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Coordinates: 52°48′43″N 1°28′52″W / 52.812°N 1.481°W / 52.812; -1.481
From Wikipedia, the free encyclopedia

Ashby Road, Ticknall (2007)
Ticknall is located in Derbyshire
Location within Derbyshire
Area6.997 sq mi (18.12 km2)
Population642 (2011)[1]
• Density92/sq mi (36/km2)
OS grid referenceSK350239
• London107.27 mi (172.63 km)
Civil parish
  • Ticknall
Shire county
Sovereign stateUnited Kingdom
Post townDERBY
Postcode districtDE73
Dialling code01332
AmbulanceEast Midlands
UK Parliament
WebsiteTicknall Parish Council
List of places
52°48′43″N 1°28′52″W / 52.812°N 1.481°W / 52.812; -1.481

Ticknall is a small village and civil parish in South Derbyshire, England. The population of the civil parish (including Calke) at the 2011 Census was 642.[1] Situated on the A514 road, close to Melbourne, it has three pubs, several small businesses, and a primary school. Two hundred years ago it was considerably larger and noisier with lime quarries, tramways and potteries. Coal was also dug close to the village. Close to the village is Calke Abbey, now a National Trust property.


The old village of Tichenhalle is mentioned in the Domesday Book in the Hundred of Walecros in the county of Derbyshire.[2] Ticknall was an estate village to Calke Abbey until late in the 20th century and reached its heyday in the late 18th and early 19th centuries, when the limeyards and the brickmaking, tile and pottery industries were operating at maximum capacity. The census of 1851 returned a population of 1,241,[3] double the present number of around 650.

Dame Catherine Harpur, wife of Sir John Harpur, founded a village school in 1744, to provide free education for the boys and girls of Ticknall and the surrounding parishes. From 1903 to 1987, the school was a voluntary controlled Church of England primary school. The school is now operated as an independent charitable school.[4]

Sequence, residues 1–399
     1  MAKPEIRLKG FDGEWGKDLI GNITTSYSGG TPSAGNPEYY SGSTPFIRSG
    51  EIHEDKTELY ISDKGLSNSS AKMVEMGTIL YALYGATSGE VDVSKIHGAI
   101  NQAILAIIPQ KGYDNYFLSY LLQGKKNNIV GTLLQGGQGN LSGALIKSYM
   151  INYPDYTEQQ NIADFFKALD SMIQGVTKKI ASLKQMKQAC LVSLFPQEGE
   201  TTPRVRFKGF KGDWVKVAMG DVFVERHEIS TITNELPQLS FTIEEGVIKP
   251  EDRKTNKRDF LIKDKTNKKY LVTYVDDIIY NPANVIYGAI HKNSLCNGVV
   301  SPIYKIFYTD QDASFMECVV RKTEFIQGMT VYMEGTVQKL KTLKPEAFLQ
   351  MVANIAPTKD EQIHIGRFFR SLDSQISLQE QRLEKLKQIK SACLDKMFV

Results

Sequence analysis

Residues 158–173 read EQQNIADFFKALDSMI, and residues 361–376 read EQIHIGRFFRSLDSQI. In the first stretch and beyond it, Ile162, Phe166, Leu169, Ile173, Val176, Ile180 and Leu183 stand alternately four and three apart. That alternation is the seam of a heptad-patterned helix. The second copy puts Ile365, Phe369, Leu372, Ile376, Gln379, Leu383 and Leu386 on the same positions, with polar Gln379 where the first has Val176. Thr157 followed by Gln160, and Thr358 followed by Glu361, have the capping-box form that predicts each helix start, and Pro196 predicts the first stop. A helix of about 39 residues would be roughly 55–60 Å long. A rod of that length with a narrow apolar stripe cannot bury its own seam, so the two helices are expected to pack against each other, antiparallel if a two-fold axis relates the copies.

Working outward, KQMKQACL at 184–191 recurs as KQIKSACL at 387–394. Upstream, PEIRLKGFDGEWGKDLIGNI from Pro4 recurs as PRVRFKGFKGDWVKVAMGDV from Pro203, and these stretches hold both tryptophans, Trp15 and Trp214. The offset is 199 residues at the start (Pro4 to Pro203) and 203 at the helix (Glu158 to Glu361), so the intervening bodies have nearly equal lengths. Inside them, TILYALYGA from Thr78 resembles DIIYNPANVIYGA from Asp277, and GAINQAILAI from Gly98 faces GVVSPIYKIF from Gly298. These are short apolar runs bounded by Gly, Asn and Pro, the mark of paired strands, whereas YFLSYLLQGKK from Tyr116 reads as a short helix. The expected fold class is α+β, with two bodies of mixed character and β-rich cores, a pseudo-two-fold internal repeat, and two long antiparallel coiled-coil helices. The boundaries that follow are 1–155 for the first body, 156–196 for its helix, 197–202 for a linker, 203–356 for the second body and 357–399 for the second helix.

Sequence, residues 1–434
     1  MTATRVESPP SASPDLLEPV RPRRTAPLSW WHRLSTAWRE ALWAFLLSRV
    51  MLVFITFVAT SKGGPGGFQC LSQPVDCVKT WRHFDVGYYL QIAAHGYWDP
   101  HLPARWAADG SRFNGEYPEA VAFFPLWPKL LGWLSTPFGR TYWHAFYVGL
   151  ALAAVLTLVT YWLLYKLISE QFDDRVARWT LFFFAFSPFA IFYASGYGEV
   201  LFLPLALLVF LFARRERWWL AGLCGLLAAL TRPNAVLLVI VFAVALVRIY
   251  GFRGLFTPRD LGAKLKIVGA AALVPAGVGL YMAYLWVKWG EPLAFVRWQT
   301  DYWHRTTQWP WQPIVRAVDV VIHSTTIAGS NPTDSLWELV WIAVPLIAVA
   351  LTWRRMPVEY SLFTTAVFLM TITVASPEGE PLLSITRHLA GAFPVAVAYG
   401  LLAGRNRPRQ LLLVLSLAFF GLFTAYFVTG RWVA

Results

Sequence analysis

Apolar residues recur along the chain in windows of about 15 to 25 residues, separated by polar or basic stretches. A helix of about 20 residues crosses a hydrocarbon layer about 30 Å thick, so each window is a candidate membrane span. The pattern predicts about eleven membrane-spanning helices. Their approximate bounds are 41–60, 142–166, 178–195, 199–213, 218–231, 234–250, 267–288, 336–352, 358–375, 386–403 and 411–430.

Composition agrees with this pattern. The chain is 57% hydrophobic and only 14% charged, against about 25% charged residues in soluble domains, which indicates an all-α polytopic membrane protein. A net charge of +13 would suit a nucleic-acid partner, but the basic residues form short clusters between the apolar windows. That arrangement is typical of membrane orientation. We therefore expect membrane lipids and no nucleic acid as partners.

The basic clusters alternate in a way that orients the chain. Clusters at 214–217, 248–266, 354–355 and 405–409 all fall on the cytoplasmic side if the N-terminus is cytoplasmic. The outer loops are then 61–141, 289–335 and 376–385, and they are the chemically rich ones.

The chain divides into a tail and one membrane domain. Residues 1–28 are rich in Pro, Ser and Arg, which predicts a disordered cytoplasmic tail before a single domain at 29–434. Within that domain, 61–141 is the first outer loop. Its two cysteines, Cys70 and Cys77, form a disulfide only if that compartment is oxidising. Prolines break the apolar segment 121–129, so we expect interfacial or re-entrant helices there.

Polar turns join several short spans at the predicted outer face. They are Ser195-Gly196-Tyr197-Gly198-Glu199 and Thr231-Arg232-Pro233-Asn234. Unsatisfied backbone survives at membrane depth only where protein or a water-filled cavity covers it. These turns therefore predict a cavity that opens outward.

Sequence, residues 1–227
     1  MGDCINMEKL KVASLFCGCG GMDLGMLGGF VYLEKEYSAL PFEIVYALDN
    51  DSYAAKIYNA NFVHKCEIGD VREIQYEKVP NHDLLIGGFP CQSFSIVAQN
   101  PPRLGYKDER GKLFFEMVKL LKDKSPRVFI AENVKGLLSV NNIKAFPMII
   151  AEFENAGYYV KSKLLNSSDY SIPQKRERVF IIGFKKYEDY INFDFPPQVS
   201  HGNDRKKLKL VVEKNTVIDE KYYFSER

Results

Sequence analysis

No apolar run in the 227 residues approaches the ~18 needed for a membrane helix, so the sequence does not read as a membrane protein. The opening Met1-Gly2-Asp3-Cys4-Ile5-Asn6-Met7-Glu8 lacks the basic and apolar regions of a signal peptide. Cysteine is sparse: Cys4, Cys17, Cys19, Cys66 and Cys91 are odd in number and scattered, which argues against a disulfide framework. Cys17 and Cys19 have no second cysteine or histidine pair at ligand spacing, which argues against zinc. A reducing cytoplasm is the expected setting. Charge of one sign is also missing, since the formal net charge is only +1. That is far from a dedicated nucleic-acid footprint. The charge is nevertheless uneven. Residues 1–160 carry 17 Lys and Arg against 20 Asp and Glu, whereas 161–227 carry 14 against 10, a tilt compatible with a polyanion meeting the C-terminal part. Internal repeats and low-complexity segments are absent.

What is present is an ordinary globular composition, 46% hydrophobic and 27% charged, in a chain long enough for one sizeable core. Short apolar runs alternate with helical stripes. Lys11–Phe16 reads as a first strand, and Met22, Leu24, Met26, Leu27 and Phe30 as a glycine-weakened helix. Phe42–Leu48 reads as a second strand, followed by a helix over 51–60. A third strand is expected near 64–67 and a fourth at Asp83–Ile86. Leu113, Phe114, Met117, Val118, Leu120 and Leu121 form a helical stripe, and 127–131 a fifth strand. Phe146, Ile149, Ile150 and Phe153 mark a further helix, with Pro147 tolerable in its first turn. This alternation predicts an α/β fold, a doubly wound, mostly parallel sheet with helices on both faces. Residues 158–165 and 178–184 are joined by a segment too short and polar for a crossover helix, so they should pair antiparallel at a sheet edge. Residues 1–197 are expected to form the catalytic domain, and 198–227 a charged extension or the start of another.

Since the neighbouring Calke Abbey changed its status in 1984 from long-standing private occupation by the Harpur-Crewe family to semi-public administration by the National Trust, much of the village has changed. The break-up of the former estate has meant the sale of cottages and building land, altering not only the randomness of the architecture, but also the dilution of the former feudal relationship between the villagers and their somewhat reclusive lords of the manor. The village has developed with examples of new buildings and renovations.

Ticknall Tramway tunnel, on the outskirts of Ticknall

Near the entrance to Calke Abbey is Tramway Bridge, which is now a Grade II listed structure.[5] There is also a tramway tunnel, almost 140 yards in length, under the drive to Calke Abbey.[6] The National Trust restored it in the 1990s and it can be traversed on foot. It was built in 1802 by the Derbyshire engineer Benjamin Outram to carry the former Ticknall Tramway and subsequently connect the brickyards and limeyards around the village to the Ashby canal at Willesley Basin. It was too costly to build the expensive locks that would have been required to bring the canal to Ticknall, so the tramway was constructed as a cheaper alternative. Although abandoned in 1915, the tramway can still be traced intermittently along its route, which passed through the estate of Calke Abbey where two tunnels were needed.